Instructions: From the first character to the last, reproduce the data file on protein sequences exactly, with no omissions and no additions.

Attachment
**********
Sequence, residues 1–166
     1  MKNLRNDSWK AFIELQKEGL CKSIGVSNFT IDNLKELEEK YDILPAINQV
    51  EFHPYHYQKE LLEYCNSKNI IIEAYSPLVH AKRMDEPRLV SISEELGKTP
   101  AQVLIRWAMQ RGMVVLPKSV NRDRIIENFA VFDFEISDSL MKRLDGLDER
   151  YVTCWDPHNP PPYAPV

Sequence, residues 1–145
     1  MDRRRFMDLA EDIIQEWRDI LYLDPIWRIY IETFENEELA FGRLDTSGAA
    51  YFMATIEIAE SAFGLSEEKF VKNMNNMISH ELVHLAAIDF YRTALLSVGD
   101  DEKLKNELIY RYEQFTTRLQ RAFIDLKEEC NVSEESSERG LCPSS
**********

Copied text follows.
Sequence, residues 1–166
     1  MKNLRNDSWK AFIELQKEGL CKSIGVSNFT IDNLKELEEK YDILPAINQV
    51  EFHPYHYQKE LLEYCNSKNI IIEAYSPLVH AKRMDEPRLV SISEELGKTP
   101  AQVLIRWAMQ RGMVVLPKSV NRDRIIENFA VFDFEISDSL MKRLDGLDER
   151  YVTCWDPHNP PPYAPV

Sequence, residues 1–145
     1  MDRRRFMDLA EDIIQEWRDI LYLDPIWRIY IETFENEELA FGRLDTSGAA
    51  YFMATIEIAE SAFGLSEEKF VKNMNNMISH ELVHLAAIDF YRTALLSVGD
   101  DEKLKNELIY RYEQFTTRLQ RAFIDLKEEC NVSEESSERG LCPSS